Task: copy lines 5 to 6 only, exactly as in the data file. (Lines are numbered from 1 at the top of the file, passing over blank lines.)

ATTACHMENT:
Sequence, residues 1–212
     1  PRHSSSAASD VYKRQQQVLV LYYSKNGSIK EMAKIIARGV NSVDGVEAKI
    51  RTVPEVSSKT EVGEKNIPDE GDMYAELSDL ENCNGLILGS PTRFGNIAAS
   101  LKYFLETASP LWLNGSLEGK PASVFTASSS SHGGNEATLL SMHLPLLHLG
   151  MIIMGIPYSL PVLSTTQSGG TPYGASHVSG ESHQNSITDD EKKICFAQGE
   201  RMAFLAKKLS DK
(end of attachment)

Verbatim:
   151  MIIMGIPYSL PVLSTTQSGG TPYGASHVSG ESHQNSITDD EKKICFAQGE
   201  RMAFLAKKLS DK